Chapter 9 – Part 3

Captain Fiori arranged for a space for us in the partly empty warehouse. The next morning we walked over to inspect. It was indeed a warehouse, right down to the stacks of boxes and helicopter parts. It seemed like a repeat of our classroom in Saigon even down to the teaching of radar repair. There was plenty of room to work on the transmitter cabinet and it was clean enough but there was a faint musky odor. I wasn’t entirely sure I actually smelled it. Perhaps I imagined it among the rotting vegetation smell.

I walked back out to the artillery site to have another look at the radar set. My equipment was under a tarp weighted down with jerry cans full of hydraulic fluid according to the stencil on the side, white on OD Green. I hadn’t done this so somebody was looking after me and wanted the job done. It would take about two hours to remove the transmitter cabinet. Could I do that with it running? I thought so except for a few minutes to disconnect the waveguide from the drum.

Capt. Fiori agreed to have the fork lift truck with extra used tires out to the site later that afternoon. I started to work. I wasn’t quite ready for the forklift when it arrived not only with tires but a pallet-load of jerry cans with gasoline for the generator that hadn’t been fueled for several days. These were cached in random places around the site maybe ten or so in a cache. A direct hit on any one cache wouldn’t create a catastrophic fire but still it would be way more than you’d need for roasting hotdogs. The markings were stenciled 80/87. I was told that this was aircraft gasoline, a pretty good diet for a jeep engine. Other cans I saw in caches were labeled 100/130. I didn’t know what these were used for.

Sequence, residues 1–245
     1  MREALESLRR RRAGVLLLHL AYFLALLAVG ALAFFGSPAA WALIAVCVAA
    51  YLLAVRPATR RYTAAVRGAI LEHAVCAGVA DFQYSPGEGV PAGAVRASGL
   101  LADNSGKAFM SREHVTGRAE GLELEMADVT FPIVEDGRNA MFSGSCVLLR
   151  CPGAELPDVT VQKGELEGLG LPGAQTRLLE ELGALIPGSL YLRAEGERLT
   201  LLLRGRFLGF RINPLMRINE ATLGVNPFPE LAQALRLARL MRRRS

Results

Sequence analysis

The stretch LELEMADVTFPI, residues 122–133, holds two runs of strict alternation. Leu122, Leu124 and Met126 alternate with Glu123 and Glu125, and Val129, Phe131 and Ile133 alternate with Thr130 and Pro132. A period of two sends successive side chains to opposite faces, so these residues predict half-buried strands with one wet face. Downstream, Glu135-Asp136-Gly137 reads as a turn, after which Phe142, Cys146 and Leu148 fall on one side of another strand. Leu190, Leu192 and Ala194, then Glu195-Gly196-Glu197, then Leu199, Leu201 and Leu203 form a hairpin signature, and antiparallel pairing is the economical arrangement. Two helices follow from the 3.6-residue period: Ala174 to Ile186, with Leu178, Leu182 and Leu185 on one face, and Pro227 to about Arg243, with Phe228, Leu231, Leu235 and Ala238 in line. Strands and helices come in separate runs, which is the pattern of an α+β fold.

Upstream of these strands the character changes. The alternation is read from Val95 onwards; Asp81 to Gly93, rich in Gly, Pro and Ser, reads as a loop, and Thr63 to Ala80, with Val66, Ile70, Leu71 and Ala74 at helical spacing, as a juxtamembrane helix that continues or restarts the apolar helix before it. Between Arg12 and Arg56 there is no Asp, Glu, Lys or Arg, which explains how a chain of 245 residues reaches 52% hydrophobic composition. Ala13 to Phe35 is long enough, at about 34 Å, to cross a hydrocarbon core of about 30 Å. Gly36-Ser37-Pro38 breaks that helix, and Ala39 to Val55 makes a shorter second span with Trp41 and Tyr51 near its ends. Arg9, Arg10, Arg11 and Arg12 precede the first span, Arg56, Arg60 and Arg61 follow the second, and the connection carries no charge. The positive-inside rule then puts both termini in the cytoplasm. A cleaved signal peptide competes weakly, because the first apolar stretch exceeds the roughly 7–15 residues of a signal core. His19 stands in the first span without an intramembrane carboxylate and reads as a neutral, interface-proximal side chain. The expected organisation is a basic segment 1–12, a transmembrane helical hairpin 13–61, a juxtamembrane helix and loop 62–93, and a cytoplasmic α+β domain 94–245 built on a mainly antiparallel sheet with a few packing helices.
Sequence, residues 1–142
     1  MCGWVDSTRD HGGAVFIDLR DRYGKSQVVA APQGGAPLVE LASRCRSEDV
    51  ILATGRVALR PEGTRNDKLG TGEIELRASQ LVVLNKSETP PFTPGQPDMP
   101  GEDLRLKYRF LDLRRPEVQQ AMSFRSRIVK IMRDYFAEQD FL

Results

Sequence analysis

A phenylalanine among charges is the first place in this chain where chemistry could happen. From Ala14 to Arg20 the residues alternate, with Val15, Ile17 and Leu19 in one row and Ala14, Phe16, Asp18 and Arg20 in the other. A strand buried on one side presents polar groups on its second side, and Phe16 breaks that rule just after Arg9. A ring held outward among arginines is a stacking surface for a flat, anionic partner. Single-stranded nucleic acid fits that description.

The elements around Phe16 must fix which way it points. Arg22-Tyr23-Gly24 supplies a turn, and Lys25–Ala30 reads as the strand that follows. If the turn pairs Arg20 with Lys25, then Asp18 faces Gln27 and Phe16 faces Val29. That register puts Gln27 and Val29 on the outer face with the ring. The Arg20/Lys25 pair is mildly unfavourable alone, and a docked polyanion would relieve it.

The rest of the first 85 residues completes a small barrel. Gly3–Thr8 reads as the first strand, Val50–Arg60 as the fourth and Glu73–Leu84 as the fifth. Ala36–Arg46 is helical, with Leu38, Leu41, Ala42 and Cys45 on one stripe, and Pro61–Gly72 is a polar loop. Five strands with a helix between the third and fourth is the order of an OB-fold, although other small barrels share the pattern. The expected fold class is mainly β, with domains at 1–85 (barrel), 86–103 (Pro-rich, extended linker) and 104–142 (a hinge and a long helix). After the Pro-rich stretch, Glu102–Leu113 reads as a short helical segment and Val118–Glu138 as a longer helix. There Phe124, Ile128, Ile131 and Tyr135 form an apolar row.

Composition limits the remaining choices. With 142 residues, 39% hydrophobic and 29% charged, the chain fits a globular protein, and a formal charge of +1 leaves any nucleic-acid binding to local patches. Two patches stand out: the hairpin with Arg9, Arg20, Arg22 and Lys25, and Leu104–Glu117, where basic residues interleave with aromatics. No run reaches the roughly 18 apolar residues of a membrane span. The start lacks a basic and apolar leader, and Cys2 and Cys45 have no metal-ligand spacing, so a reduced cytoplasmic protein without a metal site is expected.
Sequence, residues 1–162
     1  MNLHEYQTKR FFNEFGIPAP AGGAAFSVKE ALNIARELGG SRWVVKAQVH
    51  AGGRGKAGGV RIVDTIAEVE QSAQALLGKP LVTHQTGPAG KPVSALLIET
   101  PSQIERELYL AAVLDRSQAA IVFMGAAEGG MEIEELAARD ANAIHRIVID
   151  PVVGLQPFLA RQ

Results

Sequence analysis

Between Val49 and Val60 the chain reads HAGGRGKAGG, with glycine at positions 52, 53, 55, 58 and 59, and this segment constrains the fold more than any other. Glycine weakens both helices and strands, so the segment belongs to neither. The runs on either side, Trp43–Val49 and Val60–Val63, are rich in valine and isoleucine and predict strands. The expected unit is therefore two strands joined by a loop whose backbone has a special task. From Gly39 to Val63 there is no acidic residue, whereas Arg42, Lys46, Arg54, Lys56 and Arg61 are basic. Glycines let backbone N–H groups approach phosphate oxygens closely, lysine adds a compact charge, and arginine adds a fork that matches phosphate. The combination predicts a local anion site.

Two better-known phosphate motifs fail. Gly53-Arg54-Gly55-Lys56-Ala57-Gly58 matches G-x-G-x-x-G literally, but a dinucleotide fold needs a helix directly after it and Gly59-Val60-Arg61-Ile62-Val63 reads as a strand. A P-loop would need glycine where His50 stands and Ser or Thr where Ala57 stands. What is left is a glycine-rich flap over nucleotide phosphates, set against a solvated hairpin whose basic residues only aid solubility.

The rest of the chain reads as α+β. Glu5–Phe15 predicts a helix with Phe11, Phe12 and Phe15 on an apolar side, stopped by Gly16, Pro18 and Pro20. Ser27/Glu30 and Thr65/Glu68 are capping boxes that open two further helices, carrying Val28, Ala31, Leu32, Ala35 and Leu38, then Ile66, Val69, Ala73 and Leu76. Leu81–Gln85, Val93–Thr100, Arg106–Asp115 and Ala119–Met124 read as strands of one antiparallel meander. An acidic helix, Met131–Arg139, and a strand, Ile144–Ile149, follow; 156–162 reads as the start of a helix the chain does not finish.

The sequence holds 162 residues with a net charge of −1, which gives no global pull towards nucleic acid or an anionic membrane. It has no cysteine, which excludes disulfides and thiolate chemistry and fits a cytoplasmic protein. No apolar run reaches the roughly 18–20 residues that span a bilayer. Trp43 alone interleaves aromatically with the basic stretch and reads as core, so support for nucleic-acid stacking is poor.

The driver left the forklift there and headed for the mess hall. I finished un-hooking cabling and the remaining bolts then headed for the mess hall myself. After lunch, the driver and I returned to the radar and he dumped a can of 80/87 into the forklift, started it up and carefully lifted the transmitter cabinet with the forks supported by tires. Then we slowly trundled it across the flight apron, down past the tower, around the mess hall and in among the banana trees to the warehouse.

“You’re going to work on it in this warehouse?” asked the driver.

“Well, yeah. This is where the captain said. Is that all right?”

“I guess so. If that’s what the Captain said. I’m just surprised is all. They usually keep it locked up tight.”

“So it’s secure then. That’s probably why he chose this one. So, open it up and we’ll drop this box.”

“I don’t have the key. I’ll have to get it from the Captain.”

“Oh. I’ll stay here with the forklift while you go get the key.”

I sat on the counterweight swinging my legs back and forth enjoying the shade and breeze. After about ten minutes, the driver came back with the key. In the meantime the breeze had shifted and I caught the distinct smell of hasheesh. I couldn’t be sure where it was coming from but I was now down-wind of the warehouse.

He unlocked the door and slid it aside, started the forklift and drove it, used tires and transmitter inside.

“Can you set it on that stack of pallets. That’ll make a convenient work height for five-foot tall mechanics.”

He deftly set the transmitter on the pallet stack, then moved the whole thing to left of center in the room.

“Gotta leave room to get around it if we need to.”

The warehouse was not well lit and I wondered where we could get enough light for close work.

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